Womens Movement Towards Equality Essay

This essay has a total of 1447 words and 7 pages.

Womens Movement Towards Equality




The Women¡¯s Movement Towards Equality
For centuries, all over the world, women have been forced to stand in the shadow of man
because they were seen as weak individuals not worthy of equality. And for centuries, all
over the world, women have fought to prove them wrong.

In early 15th century Venice, young girls were only give three options for the pathways of
their lives when they reached womanhood: marriage, prostitution, or becoming a bride of
Christ (a nun). ¡°Marriage placed a woman in virtually the only acceptable position that
society allowed¡¦marriage defined the life of a woman.¡± (Ruggiero,11)

Females were seen as sexual beings, which led to numerous cases of sexual violence.
¡°¡¦For society as a whole it seems to have been a wise policy in light of the fact that
women, especially women of lesser status, were viewed as inferior and lustful creatures
who could change from lover to victim with alarming ease.¡± (Ruggiero, 32) Young girls
were often times sexually abused by male family members, friends, and strangers alike.
¡°Virginity was a meaningful ideal for unmarried women; without it a woman could have
trouble being accepted into marriage.¡± (Ruggiero, 25) Due to this fact, it was not
uncommon for many women to marry their rapists because of the fear of no longer being an
acceptable wife to another.

Within the marriage, adultery was also a problematic regular occurrence, an issue that
once again divided the levels of responsibility amongst males versus females. Women,
during this time, were considered the property of their husbands and therefore any crimes
the wife committed were the responsibility of the husband. When it came to adulterous
crimes committed by the wife, the husband was also sometimes considered to be at fault.
There was an instance during the Renaissance society where a woman ran off with her lover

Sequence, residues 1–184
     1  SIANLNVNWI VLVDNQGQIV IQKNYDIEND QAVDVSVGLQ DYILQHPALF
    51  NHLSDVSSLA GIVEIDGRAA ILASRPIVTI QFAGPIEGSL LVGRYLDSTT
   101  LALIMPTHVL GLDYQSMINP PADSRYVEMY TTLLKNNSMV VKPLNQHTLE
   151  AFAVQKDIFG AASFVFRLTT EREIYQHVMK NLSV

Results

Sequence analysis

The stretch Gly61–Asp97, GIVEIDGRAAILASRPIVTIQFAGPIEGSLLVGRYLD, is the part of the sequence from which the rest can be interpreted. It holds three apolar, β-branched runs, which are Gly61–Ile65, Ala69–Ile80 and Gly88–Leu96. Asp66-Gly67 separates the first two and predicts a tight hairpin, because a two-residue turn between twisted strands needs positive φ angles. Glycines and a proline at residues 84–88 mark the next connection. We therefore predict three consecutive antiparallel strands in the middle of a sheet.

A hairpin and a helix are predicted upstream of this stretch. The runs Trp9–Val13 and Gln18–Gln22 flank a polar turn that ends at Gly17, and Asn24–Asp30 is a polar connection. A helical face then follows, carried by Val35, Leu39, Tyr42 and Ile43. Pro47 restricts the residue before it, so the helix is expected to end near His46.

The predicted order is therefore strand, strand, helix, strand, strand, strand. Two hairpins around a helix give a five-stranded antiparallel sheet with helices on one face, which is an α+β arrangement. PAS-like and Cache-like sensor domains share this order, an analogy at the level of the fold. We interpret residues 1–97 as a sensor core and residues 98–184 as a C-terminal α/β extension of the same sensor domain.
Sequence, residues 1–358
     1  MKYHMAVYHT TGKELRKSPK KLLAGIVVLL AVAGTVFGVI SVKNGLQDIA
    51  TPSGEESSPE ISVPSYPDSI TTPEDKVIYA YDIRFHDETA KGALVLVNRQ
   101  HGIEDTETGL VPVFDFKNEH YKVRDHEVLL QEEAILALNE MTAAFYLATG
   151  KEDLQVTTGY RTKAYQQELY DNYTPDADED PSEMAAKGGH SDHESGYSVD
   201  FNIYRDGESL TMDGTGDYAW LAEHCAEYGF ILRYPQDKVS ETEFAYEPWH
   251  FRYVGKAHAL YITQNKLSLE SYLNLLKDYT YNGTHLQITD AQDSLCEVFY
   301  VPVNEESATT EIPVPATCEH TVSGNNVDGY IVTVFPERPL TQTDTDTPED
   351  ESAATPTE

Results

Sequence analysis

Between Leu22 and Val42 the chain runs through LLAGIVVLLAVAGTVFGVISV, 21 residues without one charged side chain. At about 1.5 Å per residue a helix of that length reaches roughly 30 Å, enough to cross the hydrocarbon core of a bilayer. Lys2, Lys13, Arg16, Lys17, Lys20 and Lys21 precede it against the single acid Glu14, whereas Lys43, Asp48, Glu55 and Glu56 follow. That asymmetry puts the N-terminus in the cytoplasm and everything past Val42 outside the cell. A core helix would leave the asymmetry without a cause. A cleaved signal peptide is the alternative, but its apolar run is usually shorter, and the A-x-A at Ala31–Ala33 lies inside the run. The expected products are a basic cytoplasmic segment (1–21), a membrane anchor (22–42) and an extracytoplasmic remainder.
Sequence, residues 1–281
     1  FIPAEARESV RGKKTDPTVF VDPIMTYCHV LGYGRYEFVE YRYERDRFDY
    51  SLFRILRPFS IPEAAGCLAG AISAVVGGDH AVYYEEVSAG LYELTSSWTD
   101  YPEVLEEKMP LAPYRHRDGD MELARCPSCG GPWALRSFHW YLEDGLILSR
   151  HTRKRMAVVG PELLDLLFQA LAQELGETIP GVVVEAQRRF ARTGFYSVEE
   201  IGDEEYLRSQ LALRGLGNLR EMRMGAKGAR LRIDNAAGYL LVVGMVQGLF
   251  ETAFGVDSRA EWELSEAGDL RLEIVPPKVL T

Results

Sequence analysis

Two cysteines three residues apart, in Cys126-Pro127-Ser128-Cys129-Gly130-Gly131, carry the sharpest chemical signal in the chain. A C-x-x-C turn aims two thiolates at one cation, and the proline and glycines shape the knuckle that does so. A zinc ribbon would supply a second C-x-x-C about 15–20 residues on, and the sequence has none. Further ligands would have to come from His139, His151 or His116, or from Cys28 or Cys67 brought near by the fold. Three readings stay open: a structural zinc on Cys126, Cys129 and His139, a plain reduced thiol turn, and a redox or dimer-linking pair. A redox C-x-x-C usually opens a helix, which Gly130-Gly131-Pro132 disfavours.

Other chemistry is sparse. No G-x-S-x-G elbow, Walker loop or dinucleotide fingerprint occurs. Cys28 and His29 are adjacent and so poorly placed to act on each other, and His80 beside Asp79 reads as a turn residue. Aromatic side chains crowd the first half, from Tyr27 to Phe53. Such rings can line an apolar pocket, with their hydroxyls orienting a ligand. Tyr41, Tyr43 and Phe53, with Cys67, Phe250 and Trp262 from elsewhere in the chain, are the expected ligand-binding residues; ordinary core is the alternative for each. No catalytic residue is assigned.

and her husband was blamed because he was constantly traveling in order to support his
family monetarily. The courts sustained that because he was too poor to support his wife,
she had the right to run off with another man. (Rugerrio, 50-53)

These laws and beliefs were not constricted to the boundaries of Italy. All around the
world women were not seen as equal to man, whether it was the value of their honor, the
validity of their words, or their level of intelligence. The years have brought about many
women that have proved that vision wrong.

During the late 19th century and into the early parts of the 20th
Century, the issue of women¡¯s rights in America became a battle for equality and a tumultuous road to reformation.
In earlier times, the women¡¯s role in American society placed the woman in the home, with
her duty to cleaning and bearing children. The occurrence of World War I changed the role
of women from homemakers to factory workers. Advertisements everywhere showed women that
they could aid the war effort by helping to replace the male jobs that were now vacant. A
clear and defiant move from the once ¡°simple¡± role that had been previously embraced.

The Progressive Era in American history marks a period in time where possible solutions to
the problems of urbanization, industrialization, and immigration came to light. One
significant aspect of this period was the participation and full support of women. Most
significantly, however, is the fact that this was a time where the idea of women¡¯s
suffrage became a reality. Through organizations such as the Young Women's Christian
Association, the National Consumers' League, professional associations, and trade unions,
female reformers were at the vanguard of the women's suffrage campaign.

There are a number of remarkable women in history who have paved the way for the later female generations:
Jane Addams- Born in 1860, Addams was a progressive social reformer who later became
recognized as ¡°the most influential woman in Chicago history.¡± In 1889 she founded the
Hull House settlement home in Chicago, which gave housing to immigrants and helped to aid
with the social problems of society. In 1931, she became the first American woman to win
the Nobel Peace Prize for her international efforts in world peace. She was
internationally respected as a social reformer, pacifist, author, peace and suffrage
leader. Addams was the first vice-president of the National American Woman Suffrage
Association.


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